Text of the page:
A Calgary doctor is at the helm of a group petitioning Ottawa, urging the federal government to offer Canadians free, universal access to birth control.
Project EmpowHER, founded by Dr. Rupinder Toor, has gathered more than 600 signatures so far in the campaign for what Toor calls an “irresistible policy.”
Toor, who started the IUD and Women’s Clinic in northeast Calgary, argues that reproductive rights are human rights and can’t be left to the whims of changing provincial governments.
“Access to birth control should be protected on the federal level,” she said.
Toor also said the policy makes sense in terms of health care and economics, adding that it would help the most vulnerable of Canadians.
“I have seen how access to contraception can change lives,” she said.
“What I have learned is that for a lot of vulnerable people, life is something that just happens to them, they don’t get to choose what happens.”
But with access to reproductive technology and contraception, Toor said, these vulnerable women find more agency in their lives.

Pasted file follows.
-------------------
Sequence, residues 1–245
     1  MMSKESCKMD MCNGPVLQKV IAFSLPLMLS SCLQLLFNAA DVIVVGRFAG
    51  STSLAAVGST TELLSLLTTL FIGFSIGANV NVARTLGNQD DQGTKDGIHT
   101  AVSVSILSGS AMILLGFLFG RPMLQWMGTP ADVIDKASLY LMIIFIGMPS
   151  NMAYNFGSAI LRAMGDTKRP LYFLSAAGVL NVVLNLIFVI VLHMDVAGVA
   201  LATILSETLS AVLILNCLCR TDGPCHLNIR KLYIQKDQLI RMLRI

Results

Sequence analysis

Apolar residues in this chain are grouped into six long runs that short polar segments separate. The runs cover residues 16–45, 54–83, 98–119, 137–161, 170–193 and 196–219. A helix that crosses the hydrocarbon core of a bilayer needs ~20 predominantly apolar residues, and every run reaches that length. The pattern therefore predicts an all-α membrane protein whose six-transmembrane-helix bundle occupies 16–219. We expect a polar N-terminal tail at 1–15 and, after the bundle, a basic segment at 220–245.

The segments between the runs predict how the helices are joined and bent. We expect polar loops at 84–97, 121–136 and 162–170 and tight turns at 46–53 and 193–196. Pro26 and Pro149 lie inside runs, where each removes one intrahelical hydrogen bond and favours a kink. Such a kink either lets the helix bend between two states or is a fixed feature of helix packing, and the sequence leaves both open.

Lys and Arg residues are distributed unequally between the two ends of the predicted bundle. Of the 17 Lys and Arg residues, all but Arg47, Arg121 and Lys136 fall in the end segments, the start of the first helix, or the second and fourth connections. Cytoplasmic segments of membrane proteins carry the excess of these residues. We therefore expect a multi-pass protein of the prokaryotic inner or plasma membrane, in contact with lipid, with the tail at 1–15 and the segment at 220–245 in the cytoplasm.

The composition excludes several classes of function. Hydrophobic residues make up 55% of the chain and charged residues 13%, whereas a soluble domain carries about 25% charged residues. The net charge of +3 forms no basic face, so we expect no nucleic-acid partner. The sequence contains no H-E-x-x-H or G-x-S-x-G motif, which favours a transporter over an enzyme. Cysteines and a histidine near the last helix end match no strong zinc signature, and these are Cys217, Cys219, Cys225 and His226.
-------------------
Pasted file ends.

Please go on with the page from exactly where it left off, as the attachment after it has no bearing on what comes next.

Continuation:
“I just think now is the time for Canada to make sure that access to birth control is secure and equitable in this country.”
The concept of free, universal birth control is not new, but is gaining momentum.
In B.C., access to birth control is free, and in Ontario, those under 25 can get contraception prescriptions fully covered.
Earlier this year, a poll found that 74 per cent of Albertans approved of the idea of free prescription birth control while 18 per cent disapproved.
As noted in the petition, interest in free, universal birth control is heightened as the changing landscape of reproductive rights unfolds south of the border following U.S. Supreme Court’s decision in 2022 to overturn Roe v. Wade.
Dr. Amanda Black, the president of the Society of Obstetricians and Gynaecologists of Canada, said taking a universal approach to the issue has significant benefits.
“We’ve got the data, we’ve got the pilots in place to show the need for this,” she said.
Project EmpowHER will collect signatures until Aug. 25. The following day, which is World Contraception Day, the group hopes a member of Parliament will present the petition in the House of Commons.
To Toor, this campaign offers the public the ability to weigh in the issue.
“Birth control is a women’s issue, birth control is a men’s issue, birth control is a youth issue,” she said. “It’s something we can all get behind.”
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